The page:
I have my group interview at 2PM today. So far so good, partly because of your tips guys, weee! ^^
It is great that the knowledge of pack hierarchy has advanced so swiftly in the past several years -- but it bothers me to witness people debunk the word of 'alpha' as it meaning a wolf that "fought his way to the top" and thus label it incorrect. Alpha does not mean "fighter" or even "conquerer" - it means "first". I personally think that the "alpha pair" title still rings true, as it suggests the pair mates first, eats first, hunts first, etc -- it was not coined to mean "fighter". Thoughts?
Well, I wouldn’t really call it swiftly, haha. This knowledge has been out in the world for over ten years now, scientists have already ‘accepted’ this for a long time, and still anything I see or read related to wolves almost always goes all “alpha this alpha that”. But the most stupid thing is that L. David Mech has been trying to stop his publisher from publishing his old books that contains wrong information on this subject and this publisher just ignores him and keeps publishing, what the actual fuck.
Anyway, about your question; when talking about animals, ‘alpha’ does mean ‘fighting and competing your way to the top’. Just like other words can have different meanings depending on the context, you get what I mean?
Besides that, people associate the word ‘alpha’ to ’fighting and competing your way to the top’ in relation to in this case wolves, wether that term is appropriate or not. So also because of that I think it wouldn’t be a good idea continuing calling the breeding pair ’alpha female’ and ‘alpha male’, just because it will (and already is) cause too much confusion since almost everyone thinks it means predominating, while they actually have a natural leading, guiding role which they naturally gain by being the parents.
Why everything you know about wolf packs is wrong
By Lauren Davis
The alpha wolf is a figure that looms large in our imagination. The notion of a supreme pack leader who fought his way to dominance and reigns superior to the other wolves in his pack informs both our fiction and is how many people understand wolf behavior. But the alpha wolf doesn’t exist—at least not in the wild…
Although the notions of “alpha wolf” and “alpha dog” seem thoroughly ingrained in our language, the idea of the alpha comes from Rudolph Schenkel, an animal behaviorist who, in 1947, published the then-groundbreaking paper “Expressions Studies on Wolves.” During the 1930s and 1940s, Schenkel studied captive wolves in Switzerland’s Zoo Basel, attempting to identify a “sociology of the wolf.”
In his research, Schenkel identified two primary wolves in a pack: a male “lead wolf” and a female “bitch.” He described them as “first in the pack group.” He also noted “violent rivalries” between individual members of the packs… Thus, the alpha wolf was born. Throughout his paper, Schenkel also draws frequent parallels between wolves and domestic dogs, often following his conclusions with anecdotes about our household canines. The implication is clear: wolves live in packs in which individual members vie for dominance and dogs, their domestic brethren, must be very similar indeed.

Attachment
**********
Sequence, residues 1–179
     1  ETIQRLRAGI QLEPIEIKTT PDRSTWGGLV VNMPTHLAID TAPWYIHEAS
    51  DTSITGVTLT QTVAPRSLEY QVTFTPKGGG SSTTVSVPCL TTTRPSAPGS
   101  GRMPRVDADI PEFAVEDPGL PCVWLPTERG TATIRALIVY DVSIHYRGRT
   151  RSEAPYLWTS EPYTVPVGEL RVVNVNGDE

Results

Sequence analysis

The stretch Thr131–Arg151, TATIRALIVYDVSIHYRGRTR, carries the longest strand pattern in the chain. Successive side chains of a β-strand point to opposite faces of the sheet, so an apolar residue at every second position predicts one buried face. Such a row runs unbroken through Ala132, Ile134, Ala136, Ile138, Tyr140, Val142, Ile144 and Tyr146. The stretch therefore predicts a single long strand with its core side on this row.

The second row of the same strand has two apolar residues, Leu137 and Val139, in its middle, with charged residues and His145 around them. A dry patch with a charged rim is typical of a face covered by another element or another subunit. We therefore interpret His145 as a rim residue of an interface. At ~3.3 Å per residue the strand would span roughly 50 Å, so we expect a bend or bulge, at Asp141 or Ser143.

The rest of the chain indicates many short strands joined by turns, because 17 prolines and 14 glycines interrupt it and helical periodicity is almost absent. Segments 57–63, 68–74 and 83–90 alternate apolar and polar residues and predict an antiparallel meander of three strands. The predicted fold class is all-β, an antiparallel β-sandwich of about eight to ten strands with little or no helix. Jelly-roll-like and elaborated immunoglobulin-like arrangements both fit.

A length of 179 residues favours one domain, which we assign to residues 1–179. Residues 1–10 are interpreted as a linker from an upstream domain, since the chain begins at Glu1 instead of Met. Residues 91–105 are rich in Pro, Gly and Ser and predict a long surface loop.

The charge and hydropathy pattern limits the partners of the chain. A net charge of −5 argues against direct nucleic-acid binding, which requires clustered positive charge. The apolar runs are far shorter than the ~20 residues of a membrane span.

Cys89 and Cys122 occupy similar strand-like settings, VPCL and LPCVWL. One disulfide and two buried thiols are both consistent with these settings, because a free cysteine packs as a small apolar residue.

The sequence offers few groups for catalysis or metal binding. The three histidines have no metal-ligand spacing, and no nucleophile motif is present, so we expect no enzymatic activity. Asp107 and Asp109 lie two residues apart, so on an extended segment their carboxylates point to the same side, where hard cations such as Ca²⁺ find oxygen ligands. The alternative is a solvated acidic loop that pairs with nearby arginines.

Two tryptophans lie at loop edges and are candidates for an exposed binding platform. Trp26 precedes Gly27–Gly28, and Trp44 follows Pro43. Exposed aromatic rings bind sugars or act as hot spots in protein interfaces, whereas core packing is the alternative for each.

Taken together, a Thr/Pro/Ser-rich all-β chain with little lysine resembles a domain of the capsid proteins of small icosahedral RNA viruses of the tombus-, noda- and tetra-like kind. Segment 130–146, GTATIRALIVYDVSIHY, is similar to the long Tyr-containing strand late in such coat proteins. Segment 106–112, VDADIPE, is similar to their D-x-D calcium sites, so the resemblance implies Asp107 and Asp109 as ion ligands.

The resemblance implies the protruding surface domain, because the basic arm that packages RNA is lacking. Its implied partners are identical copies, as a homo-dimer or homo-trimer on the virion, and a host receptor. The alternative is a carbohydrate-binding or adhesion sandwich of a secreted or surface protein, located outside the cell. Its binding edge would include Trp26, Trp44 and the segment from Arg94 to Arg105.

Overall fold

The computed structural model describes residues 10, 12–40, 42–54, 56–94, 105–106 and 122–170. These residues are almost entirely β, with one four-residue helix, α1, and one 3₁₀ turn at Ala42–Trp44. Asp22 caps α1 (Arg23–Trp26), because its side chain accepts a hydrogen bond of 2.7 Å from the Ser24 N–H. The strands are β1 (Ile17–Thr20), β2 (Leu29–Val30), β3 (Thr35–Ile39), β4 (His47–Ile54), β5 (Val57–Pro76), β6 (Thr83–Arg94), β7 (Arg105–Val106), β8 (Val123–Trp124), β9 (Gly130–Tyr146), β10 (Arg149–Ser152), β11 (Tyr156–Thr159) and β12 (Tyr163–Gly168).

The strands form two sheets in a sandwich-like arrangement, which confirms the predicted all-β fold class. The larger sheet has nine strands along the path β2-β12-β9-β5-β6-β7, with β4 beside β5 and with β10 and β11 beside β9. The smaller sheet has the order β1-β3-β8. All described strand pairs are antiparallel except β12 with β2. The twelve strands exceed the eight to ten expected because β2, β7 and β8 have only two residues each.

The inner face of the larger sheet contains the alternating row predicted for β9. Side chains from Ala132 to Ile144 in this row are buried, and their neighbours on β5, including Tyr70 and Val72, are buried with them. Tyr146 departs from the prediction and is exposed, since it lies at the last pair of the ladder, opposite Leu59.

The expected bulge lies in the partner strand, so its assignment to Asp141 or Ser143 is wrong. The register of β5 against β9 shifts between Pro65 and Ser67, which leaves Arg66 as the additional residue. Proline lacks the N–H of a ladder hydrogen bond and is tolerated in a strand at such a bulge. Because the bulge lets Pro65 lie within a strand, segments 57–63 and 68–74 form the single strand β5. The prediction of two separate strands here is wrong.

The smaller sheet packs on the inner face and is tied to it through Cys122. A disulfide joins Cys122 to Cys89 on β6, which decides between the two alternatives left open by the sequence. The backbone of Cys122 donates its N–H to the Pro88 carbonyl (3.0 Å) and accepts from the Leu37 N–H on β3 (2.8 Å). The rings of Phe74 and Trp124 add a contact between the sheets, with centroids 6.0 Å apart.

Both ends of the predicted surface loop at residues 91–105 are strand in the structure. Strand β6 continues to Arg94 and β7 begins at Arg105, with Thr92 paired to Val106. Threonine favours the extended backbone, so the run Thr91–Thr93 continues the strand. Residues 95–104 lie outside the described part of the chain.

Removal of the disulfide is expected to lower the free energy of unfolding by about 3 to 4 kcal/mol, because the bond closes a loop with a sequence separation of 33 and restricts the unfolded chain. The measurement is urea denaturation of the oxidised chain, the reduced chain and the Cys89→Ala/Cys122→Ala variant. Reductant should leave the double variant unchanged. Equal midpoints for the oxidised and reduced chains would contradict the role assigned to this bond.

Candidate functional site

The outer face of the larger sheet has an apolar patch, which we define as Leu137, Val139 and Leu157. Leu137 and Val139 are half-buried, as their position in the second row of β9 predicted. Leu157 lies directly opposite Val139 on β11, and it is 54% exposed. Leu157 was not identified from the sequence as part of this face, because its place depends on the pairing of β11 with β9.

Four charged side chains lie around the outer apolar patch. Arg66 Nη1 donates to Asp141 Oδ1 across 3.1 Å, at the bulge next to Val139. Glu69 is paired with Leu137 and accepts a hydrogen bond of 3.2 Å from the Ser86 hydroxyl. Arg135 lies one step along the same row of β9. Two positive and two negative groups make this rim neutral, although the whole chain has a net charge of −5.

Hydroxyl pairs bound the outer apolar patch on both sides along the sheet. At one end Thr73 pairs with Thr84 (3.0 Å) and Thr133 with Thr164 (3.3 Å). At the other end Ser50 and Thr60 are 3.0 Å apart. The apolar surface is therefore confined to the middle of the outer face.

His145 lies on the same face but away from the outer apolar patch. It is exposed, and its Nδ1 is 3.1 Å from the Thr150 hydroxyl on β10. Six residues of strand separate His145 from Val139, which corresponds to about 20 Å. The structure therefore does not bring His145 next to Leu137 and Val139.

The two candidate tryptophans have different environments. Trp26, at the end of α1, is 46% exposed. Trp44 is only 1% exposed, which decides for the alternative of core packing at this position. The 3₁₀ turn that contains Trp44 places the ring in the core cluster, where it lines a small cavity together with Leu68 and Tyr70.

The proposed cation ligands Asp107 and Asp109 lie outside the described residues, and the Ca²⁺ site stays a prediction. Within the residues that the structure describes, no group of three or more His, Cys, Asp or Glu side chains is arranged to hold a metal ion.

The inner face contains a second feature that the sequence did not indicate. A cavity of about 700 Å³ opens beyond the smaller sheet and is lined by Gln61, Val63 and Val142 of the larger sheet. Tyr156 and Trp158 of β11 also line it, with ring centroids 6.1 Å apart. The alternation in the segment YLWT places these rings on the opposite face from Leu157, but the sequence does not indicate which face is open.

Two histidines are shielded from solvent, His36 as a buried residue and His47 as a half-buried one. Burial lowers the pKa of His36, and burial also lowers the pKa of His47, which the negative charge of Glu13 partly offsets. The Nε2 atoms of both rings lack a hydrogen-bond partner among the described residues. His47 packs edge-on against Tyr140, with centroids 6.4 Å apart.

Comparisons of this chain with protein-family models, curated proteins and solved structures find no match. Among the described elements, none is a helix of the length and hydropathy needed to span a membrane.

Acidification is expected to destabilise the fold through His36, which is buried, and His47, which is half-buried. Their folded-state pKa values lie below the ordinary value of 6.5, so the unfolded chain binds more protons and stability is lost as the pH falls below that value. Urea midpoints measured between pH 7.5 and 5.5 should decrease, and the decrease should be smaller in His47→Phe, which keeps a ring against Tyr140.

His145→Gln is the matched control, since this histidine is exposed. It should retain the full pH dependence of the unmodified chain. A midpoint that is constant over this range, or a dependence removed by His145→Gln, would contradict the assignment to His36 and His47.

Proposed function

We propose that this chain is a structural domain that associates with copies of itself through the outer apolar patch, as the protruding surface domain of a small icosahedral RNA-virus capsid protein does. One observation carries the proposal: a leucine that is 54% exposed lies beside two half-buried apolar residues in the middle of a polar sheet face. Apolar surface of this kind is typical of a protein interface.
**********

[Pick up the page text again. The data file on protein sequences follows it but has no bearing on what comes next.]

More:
A key problem with Schenkel’s wolf studies is that, while they represented the first close study of wolves, they didn’t involve any study of wolves in the wild… In more recent years, animal behaviorists, including [wildlife biologist L. David] Mech, have spent more and more time studying wolves in the wild, and the behaviors they have observed has been different from those observed by Schenkel and other watchers of zoo-bound wolves. In 1999, Mech’s paper “Alpha Status, Dominance, and Division of Labor in Wolf Packs” was published in the Canadian Journal of Zoology. The paper is considered by many to be a turning point in understanding the structure of wolf packs…
Mech’s studies of wild wolves have found that wolves live in families: two parents along with their younger cubs. Wolves do not have an innate sense of rank; they are not born leaders or born followers. The “alphas” are simply what we would call in any other social group “parents.” The offspring follow the parents as naturally as they would in any other species. No one has “won” a role as leader of the pack; the parents may assert dominance over the offspring by virtue of being the parents. While the captive wolf studies saw unrelated adults living together in captivity, related, rather than unrelated, wolves travel together in the wild. Younger wolves do not overthrow the “alpha” to become the leader of the pack; as wolf pups grow older, they are dispersed from their parents’ packs, pair off with other dispersed wolves, have pups, and thus form packs of their owns.
This doesn’t mean that wolves don’t display social dominance, however… Wolves (and other animals, including humans), display social dominance, it just isn’t always easy to boil dominant behavior down to simple explanations. Dominant behavior and dominance relationships can be highly situational, and can vary greatly from individual to individual even within the same species. It’s not the entire concept of wolves displaying social dominance that was dispelled, just the simple hierarchical pack structure…
Images credit: Caninest - Michael Cummings
In addition to this, I feel like I should mention that the described above is how it úsually goes in the wild, but there are a lot of remarkable exceptions.
Besides that, wolf packs in the wild can exist out of more then parents and their offspring. Often ‘uncles’ and ‘aunts’ join the pack and yearlings often stay in the pack too, even thought the parents already have new cubs.
You can read Mech’s ‘Alpha status, dominance and division of labor in wolf packs’ online here.
Fucking fuck, I love Death Proof so much, damn!